Innovation = Listening

Marc Maxson, GlobalGiving Innovation Consultant (Nairobi, Kenya)

‘Fostering innovation’ is always talked about as if it is some kind of widget that falls off a well-oiled assembly line; but inside GlobalGiving, I see it as the product of long conversations and lots of listening to each other. Anyone, even the newest intern, can contribute an idea and be heard. If GlobalGiving was supposed to be a platform to let the world’s local community leaders pitch  their own ideas and get an audience with billions of potential donors, we had to start by listening to each other, right?

Well, here are some innovation milestones I’m proud to have been part of in the last three years:

  • Real capacity building : since 2008, we’ve held over 100 workshops in 20 of the poorest countries to prepare community organizations for social media fundraising. Thousands of people attended (because we teach stuff that “makes sense” for them to learn, of course).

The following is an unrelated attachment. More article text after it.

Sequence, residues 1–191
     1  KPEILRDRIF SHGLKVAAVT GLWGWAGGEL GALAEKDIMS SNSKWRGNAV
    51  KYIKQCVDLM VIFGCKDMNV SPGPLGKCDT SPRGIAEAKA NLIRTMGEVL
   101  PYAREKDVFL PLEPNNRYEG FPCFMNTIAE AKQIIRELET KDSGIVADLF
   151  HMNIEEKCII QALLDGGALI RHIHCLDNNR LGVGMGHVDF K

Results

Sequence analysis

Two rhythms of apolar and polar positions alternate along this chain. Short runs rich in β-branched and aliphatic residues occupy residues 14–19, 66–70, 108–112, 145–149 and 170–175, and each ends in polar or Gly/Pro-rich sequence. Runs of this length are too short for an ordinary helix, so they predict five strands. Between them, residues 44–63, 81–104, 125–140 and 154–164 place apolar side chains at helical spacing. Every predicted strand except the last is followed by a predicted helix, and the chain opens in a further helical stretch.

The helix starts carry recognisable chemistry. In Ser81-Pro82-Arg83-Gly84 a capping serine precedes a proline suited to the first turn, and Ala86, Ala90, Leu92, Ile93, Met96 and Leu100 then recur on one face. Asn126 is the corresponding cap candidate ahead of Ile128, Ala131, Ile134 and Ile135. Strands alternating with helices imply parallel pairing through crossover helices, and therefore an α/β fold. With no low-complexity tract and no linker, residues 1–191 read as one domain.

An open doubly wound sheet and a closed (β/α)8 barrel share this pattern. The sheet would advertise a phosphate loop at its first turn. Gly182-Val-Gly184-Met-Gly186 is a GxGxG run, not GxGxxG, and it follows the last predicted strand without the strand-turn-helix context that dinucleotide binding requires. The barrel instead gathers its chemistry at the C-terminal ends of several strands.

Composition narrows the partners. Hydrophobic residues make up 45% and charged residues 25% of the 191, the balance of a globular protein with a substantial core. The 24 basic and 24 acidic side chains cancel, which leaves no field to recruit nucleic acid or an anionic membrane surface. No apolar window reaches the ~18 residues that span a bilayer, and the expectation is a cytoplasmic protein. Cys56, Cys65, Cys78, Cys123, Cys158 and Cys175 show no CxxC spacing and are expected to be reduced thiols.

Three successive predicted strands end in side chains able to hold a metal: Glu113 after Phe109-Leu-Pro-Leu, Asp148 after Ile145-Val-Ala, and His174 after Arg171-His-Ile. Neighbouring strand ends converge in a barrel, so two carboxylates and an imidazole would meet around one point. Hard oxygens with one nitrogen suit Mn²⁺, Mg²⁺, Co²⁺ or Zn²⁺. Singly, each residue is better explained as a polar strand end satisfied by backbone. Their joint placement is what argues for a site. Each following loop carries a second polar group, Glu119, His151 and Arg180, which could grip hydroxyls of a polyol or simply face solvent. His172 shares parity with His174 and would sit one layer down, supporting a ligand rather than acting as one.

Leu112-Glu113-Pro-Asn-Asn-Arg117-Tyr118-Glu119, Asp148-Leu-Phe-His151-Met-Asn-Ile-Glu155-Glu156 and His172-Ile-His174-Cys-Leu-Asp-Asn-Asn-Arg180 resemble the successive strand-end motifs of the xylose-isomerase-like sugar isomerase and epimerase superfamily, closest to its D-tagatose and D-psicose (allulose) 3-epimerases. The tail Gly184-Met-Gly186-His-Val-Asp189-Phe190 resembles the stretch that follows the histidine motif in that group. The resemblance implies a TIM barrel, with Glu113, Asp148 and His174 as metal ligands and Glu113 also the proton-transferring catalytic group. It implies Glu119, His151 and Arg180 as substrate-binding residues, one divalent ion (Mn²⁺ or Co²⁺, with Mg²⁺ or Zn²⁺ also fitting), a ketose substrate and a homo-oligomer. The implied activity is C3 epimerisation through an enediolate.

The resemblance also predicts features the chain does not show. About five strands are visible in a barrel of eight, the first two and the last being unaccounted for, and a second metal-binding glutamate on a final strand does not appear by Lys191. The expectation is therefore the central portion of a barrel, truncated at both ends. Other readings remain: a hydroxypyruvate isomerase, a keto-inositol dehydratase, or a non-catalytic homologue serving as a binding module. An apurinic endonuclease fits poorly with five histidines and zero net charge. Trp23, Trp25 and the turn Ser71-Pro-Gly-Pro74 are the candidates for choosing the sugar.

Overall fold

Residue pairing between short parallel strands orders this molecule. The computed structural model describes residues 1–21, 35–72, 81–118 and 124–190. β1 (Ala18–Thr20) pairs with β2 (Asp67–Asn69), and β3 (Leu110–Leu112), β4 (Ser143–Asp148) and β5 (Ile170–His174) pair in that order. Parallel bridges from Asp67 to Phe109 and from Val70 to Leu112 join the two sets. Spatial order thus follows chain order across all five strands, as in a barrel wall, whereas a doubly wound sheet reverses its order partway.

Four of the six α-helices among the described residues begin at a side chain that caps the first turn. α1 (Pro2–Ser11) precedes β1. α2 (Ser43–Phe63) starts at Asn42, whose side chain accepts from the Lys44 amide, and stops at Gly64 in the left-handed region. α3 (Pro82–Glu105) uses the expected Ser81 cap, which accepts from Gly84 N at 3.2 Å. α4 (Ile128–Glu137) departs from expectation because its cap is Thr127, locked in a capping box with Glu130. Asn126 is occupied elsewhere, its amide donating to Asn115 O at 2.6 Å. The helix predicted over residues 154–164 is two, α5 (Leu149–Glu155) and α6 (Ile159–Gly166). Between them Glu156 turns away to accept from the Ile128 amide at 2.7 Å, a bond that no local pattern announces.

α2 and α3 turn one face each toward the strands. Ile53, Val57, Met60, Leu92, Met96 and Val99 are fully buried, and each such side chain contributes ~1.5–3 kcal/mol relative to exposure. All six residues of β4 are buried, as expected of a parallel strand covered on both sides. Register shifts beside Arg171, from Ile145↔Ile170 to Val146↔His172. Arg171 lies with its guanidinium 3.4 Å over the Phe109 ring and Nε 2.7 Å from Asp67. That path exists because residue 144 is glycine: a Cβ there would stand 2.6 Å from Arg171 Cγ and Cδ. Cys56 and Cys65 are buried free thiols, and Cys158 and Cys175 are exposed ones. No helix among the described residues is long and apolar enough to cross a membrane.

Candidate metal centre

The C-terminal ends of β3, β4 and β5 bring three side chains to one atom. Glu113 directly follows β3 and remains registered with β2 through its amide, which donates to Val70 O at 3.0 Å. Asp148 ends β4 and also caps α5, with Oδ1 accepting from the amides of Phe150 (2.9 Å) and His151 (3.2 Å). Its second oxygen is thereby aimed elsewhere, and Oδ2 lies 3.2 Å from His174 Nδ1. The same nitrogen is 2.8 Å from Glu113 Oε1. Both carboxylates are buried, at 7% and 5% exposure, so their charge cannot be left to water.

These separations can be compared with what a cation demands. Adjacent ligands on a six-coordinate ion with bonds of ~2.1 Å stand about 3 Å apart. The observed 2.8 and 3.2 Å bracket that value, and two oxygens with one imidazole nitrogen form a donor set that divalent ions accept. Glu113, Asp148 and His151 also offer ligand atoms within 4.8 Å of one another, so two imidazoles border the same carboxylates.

• Our open challenges work: Both as a means of testing what organizations have learned, and as a test of whether an organization truly means a lot to at least 50 people (“social vetting”).
  • Learning how to do community feedback on a massive scale: 36,000 stories collected in 2011 across Kenya and Uganda. Best of all, thousands of young people in these countries were directly involved in listening to each other and collecting these stories.
  • Organization background checks (due diligence): GlobalGiving is synonymous with the highest standard in fraud protection. Last month, we screened over 400 new organizations, entirely without printing a piece of paper.